The outcome of a First Amendment case may very well hinge on whether the restriction of speech is based on the content of the speech. If the restriction is content-based, courts scrutinize the restriction under a heightened standard compared with restrictions that are content-neutral. When courts apply this heightened scrutiny, they are more likely to find a First Amendment violation. Courts also recognize that content-neutral restrictions may cause as much or more harm than content-based restrictions. For example, a ban on all parades on public streets is much more intrusive than a ban on only some parades. If a restriction is content-neutral, a court will employ an intermediate standard of scrutiny.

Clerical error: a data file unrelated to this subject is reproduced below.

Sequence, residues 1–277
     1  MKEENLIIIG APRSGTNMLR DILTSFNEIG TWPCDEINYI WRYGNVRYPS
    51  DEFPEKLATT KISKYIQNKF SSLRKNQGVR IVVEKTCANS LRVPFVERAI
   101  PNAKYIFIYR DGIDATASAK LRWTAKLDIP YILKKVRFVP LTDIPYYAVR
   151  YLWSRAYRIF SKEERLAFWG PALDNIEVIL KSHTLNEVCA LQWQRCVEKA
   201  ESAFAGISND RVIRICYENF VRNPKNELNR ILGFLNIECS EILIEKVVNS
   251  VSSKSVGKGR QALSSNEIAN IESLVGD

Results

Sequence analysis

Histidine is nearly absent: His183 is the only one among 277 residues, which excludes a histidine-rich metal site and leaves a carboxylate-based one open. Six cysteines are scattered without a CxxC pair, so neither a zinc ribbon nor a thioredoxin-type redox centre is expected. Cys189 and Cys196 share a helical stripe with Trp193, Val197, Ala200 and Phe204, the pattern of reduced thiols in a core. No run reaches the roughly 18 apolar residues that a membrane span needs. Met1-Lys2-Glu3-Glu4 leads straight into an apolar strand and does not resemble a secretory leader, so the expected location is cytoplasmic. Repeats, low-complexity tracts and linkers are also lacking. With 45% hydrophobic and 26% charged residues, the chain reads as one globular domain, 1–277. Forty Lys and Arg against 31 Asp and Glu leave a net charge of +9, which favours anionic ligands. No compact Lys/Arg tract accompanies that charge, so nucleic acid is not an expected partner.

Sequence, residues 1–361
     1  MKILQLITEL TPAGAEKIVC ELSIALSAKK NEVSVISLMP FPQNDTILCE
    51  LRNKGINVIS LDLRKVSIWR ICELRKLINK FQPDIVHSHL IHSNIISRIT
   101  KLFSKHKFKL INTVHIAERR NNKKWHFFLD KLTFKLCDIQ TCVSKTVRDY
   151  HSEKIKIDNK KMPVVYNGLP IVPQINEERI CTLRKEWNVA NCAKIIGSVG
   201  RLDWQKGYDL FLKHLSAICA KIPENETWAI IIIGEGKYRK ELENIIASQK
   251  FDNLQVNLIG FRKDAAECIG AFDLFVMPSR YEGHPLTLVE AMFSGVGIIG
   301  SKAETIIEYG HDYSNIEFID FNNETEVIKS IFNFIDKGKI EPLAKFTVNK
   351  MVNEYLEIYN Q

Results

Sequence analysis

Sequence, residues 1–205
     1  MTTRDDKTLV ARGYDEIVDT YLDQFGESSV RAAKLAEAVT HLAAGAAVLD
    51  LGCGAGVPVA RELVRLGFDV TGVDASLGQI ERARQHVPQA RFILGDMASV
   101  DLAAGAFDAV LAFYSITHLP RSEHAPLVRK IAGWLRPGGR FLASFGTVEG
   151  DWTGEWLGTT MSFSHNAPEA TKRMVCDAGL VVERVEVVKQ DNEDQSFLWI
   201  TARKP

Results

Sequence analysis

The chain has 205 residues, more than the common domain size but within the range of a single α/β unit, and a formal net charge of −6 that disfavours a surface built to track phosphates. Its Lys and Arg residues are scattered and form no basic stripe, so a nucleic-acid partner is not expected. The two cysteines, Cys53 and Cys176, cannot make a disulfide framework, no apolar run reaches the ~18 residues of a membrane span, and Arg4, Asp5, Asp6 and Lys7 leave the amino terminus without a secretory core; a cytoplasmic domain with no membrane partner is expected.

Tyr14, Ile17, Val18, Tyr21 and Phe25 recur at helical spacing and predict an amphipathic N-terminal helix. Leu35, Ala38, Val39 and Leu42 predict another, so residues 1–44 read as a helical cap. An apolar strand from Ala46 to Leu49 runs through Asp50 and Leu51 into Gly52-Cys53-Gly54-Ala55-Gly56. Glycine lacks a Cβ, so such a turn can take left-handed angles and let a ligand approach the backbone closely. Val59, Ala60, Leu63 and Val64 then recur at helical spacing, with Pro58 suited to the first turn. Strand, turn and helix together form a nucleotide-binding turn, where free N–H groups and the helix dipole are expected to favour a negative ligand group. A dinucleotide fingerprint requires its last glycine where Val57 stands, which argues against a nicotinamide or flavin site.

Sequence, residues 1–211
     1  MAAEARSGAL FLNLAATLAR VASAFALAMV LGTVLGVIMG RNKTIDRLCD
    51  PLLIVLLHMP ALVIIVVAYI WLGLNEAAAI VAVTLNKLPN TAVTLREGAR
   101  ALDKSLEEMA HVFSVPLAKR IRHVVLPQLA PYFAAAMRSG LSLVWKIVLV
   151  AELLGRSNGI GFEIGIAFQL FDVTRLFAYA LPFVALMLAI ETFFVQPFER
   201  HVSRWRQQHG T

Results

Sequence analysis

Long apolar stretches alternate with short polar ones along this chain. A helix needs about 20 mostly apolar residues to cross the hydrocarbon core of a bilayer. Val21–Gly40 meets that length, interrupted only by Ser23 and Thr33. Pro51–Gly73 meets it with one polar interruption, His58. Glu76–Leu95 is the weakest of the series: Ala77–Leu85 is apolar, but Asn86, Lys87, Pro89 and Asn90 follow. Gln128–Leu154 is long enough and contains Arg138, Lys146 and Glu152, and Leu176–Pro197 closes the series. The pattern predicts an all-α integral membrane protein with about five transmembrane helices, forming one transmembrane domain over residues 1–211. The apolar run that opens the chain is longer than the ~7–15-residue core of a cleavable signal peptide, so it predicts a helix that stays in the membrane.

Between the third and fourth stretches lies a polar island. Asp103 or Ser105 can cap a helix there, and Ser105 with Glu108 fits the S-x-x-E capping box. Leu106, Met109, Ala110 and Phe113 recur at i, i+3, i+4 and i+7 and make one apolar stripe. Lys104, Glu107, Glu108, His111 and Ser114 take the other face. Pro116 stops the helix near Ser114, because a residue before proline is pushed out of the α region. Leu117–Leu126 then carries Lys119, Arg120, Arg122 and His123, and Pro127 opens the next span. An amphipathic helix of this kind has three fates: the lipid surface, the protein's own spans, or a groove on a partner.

Determining whether a restriction is content-neutral or content-based may be more difficult in the context of assembly rights than in the context of speech rights. For example, if a city requires that all groups obtain a permit to hold a parade, the restriction is more likely, at least on its face, to be content-neutral. However, if the city, through official or unofficial action, only issues permits to certain groups and restricts issuing permits to other groups, the restriction in its application is content-based, not content neutral.